A young man marching
carrying what is unseen
fighting his own war
Several years ago, one of my students visited me after school to talk about issues he was dealing with. Not criminal in nature but serious struggles that would challenge even the strongest adult. We talked for a while and I offered him resources that I thought might be helpful. After our conversation, I periodically checked in on him. I have not heard from him since graduation, until recently. The nature of our conversation had a completely different tone this time. He told me about the overwhelming challenges he went through after high school, and some he continues to work through, but his life looks completely and positively different now. I could not be more proud of him and honored to hear from him. Although this post is inspired by one student, the details of this scenario could describe several students I have had the honor of working with through the years.
Our conversation made me think about the many “things” that people might carry, that are invisible to everyone else. That would describe most of us. Those thoughts reminded me of a book I love to teach, The Things They Carried, by Tim O’Brien. Because the book is set in the Vietnam war, it is dark and graphic at times, but throughout the book O’Brien’s writing is descriptively and poetically beautiful. The first chapter shares the title of the book and describes the many tangible things men fighting in the Vietnam War had to carry, like weapons, food rations, and mosquito repellent, then the chapter moves into the intangible things men carried. After reading that chapter my students had to write a poem about the things they personally carried, both tangible and intangible, and then present their poem to the class. The final poems were moving and revealing and created a sense of community in my classroom.
I will not ask you to write a poem, dear reader, but I will share an excerpt from the “intangible” section of Tim O’Brien’s outstanding book. Edited for language and strong content, however, if sensitive to the realities of war this passage may be a trigger.The Things They Carried by Tim O’Brien
excerpt from Chapter 1~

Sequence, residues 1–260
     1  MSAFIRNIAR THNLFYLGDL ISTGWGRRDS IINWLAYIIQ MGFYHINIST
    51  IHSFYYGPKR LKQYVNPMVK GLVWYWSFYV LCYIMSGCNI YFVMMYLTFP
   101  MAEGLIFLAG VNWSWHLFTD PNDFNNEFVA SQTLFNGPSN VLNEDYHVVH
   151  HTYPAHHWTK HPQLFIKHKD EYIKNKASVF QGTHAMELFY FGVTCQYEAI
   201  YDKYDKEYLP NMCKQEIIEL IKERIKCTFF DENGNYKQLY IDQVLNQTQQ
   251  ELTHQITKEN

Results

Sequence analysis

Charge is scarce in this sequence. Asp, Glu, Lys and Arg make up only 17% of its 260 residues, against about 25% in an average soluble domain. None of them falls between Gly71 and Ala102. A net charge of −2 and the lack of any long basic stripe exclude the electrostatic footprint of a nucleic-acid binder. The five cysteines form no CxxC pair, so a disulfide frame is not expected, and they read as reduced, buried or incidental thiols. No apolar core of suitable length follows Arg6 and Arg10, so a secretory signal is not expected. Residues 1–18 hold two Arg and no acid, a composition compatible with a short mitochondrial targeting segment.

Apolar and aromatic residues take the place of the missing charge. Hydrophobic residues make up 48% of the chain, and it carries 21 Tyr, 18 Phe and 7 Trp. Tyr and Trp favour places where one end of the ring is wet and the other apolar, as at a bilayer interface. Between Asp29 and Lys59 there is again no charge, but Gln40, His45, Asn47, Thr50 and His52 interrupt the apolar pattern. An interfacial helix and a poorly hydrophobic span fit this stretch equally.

They carried all the emotional baggage of men who might die. Grief, terror, love, longing—these were intangibles, but the intangibles had their own mass and specific gravity, they had tangible weight. They carried shameful memories. They carried the common secret of cowardice barely restrained, the instinct to run or freeze or hide, and in many respects this was the heaviest burden of all, for it could never be put down, it required perfect balance and perfect posture. They carried their reputations. They carried the soldier’s greatest fear, which was the fear of blushing. Men killed, and died, because they were embarrassed not to. It was what had brought them to the war in the first place, nothing positive, no dreams of glory or honor, just to avoid the blush of dishonor. They died so as not to die of embarrassment. They crawled into tunnels and walked point and advanced under fire. Each morning, despite the unknowns, they made their legs move. They endured. They kept humping. They did not submit to the obvious alternative, which was simply to close the eyes and fall. So easy, really. Go limp and tumble to the ground and let the muscles unwind and not speak and not budge until your buddies picked you up and lifted you into the chopper that would roar and dip its nose and carry you off to the world. A mere matter of falling, yet no one ever fell. It was not courage, exactly; the object was not valor. Rather, they were too frightened to be cowards.